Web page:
Verstappen was keen to rub yet more salt in Leclerc’s wounds for another podium finish, providing fans with some clean, excellent racing for 13 laps, after which came an overtake that had fans (aka me) screaming at their TV’s in amazement. Both Leclerc and Verstappen came into the pits at the same time, putting enormous pressure on both Ferrari and Red Bull mechanics to get the tyres changed flawlessly and quicker than the other team.
Red Bull won the battle, but as soon as the mechanics had stopped cheering on Verstappen taking 3rdplace from Leclerc in the pitlane, the young Ferrari driver had re-gained the position emerging back on track. New tyres on a newly re-surfaced track caused Verstappen to run wide at turn four, leaving the door wide open for Leclerc to take back 3rdplace.
To pit or not to pit, that was the question once again for Leclerc’s strategists at Ferrari who were slow to bring their number two driver in to change his boots during the safety car. This cost the young Monégasque track position, coming out ahead of Verstappen who had also pitted and emerged in 6th.
The re-start was promising for Verstappen who managed to overtake Leclerc for a second time (on track this time), and push on towards his team-mate Pierre Gasly for 4thposition. Gasly honourably moved aside to allow Verstappen to charge after the other prancing horse, which he quickly met and began the battle for 3rdplace once again.
Verstappen overtaking Vettel going into Stowe could have been one of those moments that go down in fondly remembered Formula 1 history, unfortunately, the gods of racing weren’t happy to leave well enough alone. Almost immediately after Verstappen had gained the position, he had lost it once again after Vettel misjudged his braking and shunted the back of the Red Bull which caused them both to run off the track.
By some miracle, the only thing that was damaged was the two drivers’ egos, and the pair somehow managed to work their way out of the notoriously tricky gravel trap and back onto the track to continue with the race. Vettel was slapped with a 10-second time penalty for this incident, which adds to what has been a gut-wrenching season for the 4-time World Champion.
This weekend was not simply an opportunity for fans to bask in Hamilton’s never-ending glory, British fans were also able to say thank you to a F1 icon, Sir Frank Williams who was celebrating an astonishing 50 Years in Formula 1. Although Vettel’s mistake cost Ferrari important championship points, it also gave the Williams’ drivers the opportunity to not finish last for the first time this season. British driver George Russel finished 14thahead of his team-mate Robert Kubica in 15th, although it doesn’t seem like much of an achievement, it was a welcome change for the struggling team.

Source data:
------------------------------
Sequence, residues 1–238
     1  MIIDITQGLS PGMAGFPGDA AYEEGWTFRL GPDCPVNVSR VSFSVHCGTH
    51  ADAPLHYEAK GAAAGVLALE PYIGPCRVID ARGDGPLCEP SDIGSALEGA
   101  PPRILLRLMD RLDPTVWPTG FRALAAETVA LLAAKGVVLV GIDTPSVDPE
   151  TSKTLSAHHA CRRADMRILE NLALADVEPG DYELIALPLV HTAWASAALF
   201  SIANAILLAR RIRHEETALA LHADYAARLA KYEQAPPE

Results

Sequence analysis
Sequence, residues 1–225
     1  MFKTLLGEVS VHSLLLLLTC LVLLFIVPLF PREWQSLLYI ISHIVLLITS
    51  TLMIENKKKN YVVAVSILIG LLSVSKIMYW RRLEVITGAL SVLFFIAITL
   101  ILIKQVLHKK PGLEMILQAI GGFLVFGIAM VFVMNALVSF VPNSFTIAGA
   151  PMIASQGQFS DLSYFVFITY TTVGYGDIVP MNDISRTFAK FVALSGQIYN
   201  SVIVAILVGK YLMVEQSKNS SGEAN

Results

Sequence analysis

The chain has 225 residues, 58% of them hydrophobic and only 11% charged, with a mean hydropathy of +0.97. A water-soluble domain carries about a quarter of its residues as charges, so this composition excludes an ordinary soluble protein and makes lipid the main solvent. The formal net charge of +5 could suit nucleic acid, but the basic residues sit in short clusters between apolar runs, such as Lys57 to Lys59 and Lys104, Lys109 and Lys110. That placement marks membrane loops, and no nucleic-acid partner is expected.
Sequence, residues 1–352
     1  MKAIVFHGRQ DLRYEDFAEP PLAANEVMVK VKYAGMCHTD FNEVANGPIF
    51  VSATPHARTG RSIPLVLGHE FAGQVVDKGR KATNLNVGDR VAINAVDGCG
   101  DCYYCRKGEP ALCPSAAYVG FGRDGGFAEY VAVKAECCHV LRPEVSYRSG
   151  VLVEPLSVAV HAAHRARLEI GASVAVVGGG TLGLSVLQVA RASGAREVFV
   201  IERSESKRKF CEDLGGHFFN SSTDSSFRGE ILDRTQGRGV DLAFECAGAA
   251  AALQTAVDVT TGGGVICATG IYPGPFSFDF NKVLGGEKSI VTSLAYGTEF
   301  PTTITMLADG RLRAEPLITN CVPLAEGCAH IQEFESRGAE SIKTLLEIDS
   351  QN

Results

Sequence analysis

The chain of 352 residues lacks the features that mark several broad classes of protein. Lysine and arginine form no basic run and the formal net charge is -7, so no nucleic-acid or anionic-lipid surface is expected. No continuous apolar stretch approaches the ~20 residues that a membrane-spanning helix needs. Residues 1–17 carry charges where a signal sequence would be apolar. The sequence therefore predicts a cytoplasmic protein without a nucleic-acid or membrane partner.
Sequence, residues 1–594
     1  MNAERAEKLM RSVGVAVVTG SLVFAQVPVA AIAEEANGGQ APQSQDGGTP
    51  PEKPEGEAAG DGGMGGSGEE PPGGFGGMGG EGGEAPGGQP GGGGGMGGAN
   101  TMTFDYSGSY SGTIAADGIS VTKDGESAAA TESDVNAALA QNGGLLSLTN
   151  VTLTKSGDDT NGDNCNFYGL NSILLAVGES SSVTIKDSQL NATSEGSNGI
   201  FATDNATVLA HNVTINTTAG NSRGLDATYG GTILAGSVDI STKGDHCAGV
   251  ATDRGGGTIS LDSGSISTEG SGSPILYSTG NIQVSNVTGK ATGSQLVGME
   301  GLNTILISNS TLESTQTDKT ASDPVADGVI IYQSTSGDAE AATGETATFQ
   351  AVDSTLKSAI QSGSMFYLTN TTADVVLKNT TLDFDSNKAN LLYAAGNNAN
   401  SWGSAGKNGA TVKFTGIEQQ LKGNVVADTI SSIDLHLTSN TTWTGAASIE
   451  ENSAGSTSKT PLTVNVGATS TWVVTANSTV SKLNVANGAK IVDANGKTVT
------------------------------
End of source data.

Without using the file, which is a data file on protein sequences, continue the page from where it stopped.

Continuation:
The racing wasn’t simply reserved for Ferrari and Red Bull, McLaren and Renault were also able to get stuck in. McLaren golden-boy Lando Norris made his intentions quite clear from the beginning, as payback for Ricciardo’s cheekiness in the driver’s conference at the start of the weekend.
The two battled it out wheel-to-wheel, quite literally from the start of the race, through Copse, Maggots and Becketts until Ricciardo eventually lost out to the youngster in the hair-raising battle. Norris’ spectacular driving ability was over-shadowed by McLaren’s poor strategy choice which eventually kept Norris out of the points, finishing in 11th; Ricciardo managed to score his first few points since Canada, finishing in 7thplace.
Following his win at Silverstone, Lewis Hamilton is able to go into the German Grand Prix with a 39-point lead on his main rivals, Valterri Bottas and Max Verstappen. That said, after this weekend, there’s quite clearly something special about a home race, and with Hockenheim just around the corner, perhaps this is where Vettel will start to make his comeback.
Featured Photo by Gareth Harford / LAT Images via Pirelli
Daniel Ricciardo’s decision to exchange his Red Bull wings for a Renault Sport beret for 2019 surprised many. Ricciardo began his F1 career back in 2011, racing with Toro Rosso and Red Bull for nine years and showing his abilities with bold overtakes, clean racing, and a grin visible even when wearing a helmet.
Ricciardo’s decision to leave Red Bull was hard news for some. With two strong drivers in that team during the 2018 season, it was becoming increasingly difficult to say who, between Ricciardo and Max Verstappen, held the number one seat.
This isn’t, of course, the first time a talented driver has taken the decision to move to a less-successful team in the hope of making some big improvements. The most recent success story was, of course, Lewis Hamilton’s decision to leave McLaren for Mercedes in 2013. The rest, they say, is somewhat monotonous history.
But why did Ricciardo leave for Renault?
Although Renault have a rich and varied history in Formula 1, their success in recent years has been hit-and-miss. After a few years taking places in the middle of the grid, the decision to sign Nico Hulkenberg for the 2017 season allowed for Renault to become a slightly more permanent fixture in the top ten in qualifying.
Renault’s confidence seems to have been boosted a great deal by Ricciardo’s signing, describing Ricciardo and Hulkenberg as ‘one of the strongest – if not the strongest – driver line-ups on the grid’. The fact that the two Renault drivers are particularly talented is undeniable, which makes it a shame that Ricciardo’s first season with the team has lacked the strength they had initially hoped for.
It has been a slow start for all parties involved, riddled by technical faults, friendly fire and gearbox failures, which resulted in four DNFs so far this season. The Canadian Grand Prix proved to be a great opportunity for Renault, after Kevin Magnussen’s crash in Q2 kept Verstappen out of Q3 and opened the door for Ricciardo to qualify fourth, his best starting position since joining Renault.